Will we make mistakes as we engage in educational endeavors in this field? Of course. No one gets it all right every time, and certainly not in the early stages of exploring a topic about which we are ignorant. Ignorance is not a sin, unless we are willfully ignorant. We will address the latter in a moment.
When I started preaching entire sermons on racial issues, I added disclaimers, as in admitting the obvious, that I am not nearly as informed as I intended to become. One of my early presentations was in a church in St. Louis about two miles from where the riots had taken place in the city of Ferguson. So, it was Ferguson in Ferguson! In speaking about racial prejudices going both ways, a valid point, I stated that racism went both ways. I now think that wording is erroneous, given the specific definition of the term racism. That presentation was recorded in video format and watched by many people in many countries.
Is that embarrassing to me? No. It was a part of my learning process. I’ve been corrected in making other honest mistakes. How else do we learn anything? Who gets 100% on every exam ever taken in school? I didn’t and I’ve yet to meet anyone who did. The very definition of the word disciple includes being a learner. If we claim to be a disciple of Jesus, we must be hungry to learn, especially in areas that affect fellow Christians.
Cause #2 – Willful Ignorance
Willful ignorance is a worse kind of ignorance in this arena. General ignorance, as discussed above, makes us feel awkward and reluctant. Willful ignorance digs its heels in and just refuses to enter a non-comfort zone. Yet, I understand how feeling that we are being pushed out of our comfort zones can feel threatening. During the Cold War, I often looked at young children and envied their ignorance. They didn’t know that the Soviet Union had a plethora of missiles aimed at all of the key cities in my country.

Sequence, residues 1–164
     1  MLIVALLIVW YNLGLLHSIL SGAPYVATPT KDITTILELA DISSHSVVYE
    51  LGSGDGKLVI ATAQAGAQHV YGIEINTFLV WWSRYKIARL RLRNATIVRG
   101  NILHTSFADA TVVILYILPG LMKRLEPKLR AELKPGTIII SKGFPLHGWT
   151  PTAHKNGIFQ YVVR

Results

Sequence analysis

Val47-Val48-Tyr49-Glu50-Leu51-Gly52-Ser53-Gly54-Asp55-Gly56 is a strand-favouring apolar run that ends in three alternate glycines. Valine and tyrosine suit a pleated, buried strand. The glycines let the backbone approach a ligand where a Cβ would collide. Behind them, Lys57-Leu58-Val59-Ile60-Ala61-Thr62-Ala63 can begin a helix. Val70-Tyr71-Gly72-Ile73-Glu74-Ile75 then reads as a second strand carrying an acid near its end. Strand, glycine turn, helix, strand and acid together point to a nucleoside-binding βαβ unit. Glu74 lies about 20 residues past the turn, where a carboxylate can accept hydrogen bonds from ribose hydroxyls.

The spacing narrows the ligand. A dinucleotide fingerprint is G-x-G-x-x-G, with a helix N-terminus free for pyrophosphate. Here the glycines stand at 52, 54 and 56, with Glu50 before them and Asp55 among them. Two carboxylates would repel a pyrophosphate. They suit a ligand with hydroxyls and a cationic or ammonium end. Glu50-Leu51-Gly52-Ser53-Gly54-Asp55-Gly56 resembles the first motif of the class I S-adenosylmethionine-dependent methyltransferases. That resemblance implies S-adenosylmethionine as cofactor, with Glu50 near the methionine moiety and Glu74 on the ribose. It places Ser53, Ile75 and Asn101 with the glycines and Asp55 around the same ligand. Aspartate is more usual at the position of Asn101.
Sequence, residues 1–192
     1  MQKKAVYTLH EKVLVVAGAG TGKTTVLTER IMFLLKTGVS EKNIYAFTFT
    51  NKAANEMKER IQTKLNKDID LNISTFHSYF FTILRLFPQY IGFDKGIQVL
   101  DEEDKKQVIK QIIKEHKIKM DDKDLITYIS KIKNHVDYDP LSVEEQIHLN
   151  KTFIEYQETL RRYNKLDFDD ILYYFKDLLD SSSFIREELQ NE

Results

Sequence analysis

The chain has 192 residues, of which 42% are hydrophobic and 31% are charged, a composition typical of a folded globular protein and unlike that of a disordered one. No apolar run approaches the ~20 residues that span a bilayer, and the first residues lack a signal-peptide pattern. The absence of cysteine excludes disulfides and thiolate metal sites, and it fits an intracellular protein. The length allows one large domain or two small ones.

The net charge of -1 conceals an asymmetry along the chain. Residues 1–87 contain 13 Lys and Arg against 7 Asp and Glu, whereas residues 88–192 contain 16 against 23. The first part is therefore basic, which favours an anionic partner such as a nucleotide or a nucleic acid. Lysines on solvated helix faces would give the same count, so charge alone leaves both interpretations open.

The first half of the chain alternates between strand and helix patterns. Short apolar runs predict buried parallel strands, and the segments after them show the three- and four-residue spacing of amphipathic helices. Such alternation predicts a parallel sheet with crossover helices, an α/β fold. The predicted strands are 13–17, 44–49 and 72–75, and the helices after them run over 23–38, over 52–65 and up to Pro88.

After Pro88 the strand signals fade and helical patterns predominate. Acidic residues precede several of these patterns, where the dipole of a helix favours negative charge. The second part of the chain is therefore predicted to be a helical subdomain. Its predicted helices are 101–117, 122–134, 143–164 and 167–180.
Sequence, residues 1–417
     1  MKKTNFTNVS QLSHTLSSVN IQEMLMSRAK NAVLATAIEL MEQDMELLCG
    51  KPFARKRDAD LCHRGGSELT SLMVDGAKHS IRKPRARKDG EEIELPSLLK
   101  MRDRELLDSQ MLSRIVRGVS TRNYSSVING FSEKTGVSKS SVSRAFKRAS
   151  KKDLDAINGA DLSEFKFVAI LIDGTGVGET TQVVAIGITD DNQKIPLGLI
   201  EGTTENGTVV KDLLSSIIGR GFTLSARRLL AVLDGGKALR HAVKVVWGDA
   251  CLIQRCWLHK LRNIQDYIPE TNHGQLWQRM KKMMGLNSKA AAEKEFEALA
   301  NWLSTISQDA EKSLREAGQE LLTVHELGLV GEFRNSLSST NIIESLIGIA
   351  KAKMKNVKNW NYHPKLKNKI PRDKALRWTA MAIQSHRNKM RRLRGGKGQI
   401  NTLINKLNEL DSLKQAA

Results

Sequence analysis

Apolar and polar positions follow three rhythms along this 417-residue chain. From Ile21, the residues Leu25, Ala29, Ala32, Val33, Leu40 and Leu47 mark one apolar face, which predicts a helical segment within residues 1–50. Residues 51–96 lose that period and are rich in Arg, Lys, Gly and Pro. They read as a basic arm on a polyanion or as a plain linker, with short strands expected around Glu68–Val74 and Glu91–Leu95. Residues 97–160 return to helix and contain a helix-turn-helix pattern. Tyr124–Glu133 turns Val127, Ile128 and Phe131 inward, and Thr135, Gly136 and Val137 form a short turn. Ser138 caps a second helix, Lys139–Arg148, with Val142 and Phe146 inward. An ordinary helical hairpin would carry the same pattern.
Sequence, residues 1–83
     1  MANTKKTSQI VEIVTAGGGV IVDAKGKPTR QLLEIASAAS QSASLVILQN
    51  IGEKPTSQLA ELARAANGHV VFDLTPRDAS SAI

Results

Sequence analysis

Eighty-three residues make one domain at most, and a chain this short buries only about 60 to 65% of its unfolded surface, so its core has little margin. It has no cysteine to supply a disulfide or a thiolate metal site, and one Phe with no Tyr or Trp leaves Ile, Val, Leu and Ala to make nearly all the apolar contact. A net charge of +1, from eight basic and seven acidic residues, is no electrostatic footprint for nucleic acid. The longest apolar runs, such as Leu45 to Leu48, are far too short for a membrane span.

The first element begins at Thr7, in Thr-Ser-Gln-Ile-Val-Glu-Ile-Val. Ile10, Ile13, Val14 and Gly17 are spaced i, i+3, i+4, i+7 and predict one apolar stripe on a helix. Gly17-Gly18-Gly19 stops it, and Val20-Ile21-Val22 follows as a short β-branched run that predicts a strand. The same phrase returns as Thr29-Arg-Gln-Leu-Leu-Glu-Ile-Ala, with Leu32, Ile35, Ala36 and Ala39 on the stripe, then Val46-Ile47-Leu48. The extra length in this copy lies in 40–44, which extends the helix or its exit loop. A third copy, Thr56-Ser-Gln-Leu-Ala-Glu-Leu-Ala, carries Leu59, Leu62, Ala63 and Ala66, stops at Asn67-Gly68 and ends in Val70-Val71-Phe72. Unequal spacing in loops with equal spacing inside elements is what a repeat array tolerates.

If we live in our own little “white world” almost all of the time, it is our comfort zone. We love our comfort zones because they are, well, comfortable. And God knows that those in affluent societies are focused on making our lives as pain free as possible. Compared to previous generations, like mine, most are wimps and pleasure seekers and pain avoiders – pain of any type.
Back to the Bible on that thought. Passages like Romans 5:1-5, Hebrews 12:4-11 and James 1:2-4 show the connection between emotional pain and spiritual growth. Take time to read those passages. In my 77 years, I cannot recall one time when I experienced significant spiritual growth without challenges, some of them painful to the point of being overwhelming at the time. The no pain, no gain approach is not reserved for building physical muscles; it is integrally connected to building spiritual muscles also. Remaining in ignorance with little desire to become “woke” is unacceptable spiritually, whether our resistance is due to fear and pride or to the love of comfort.
Be Looking for Part 2…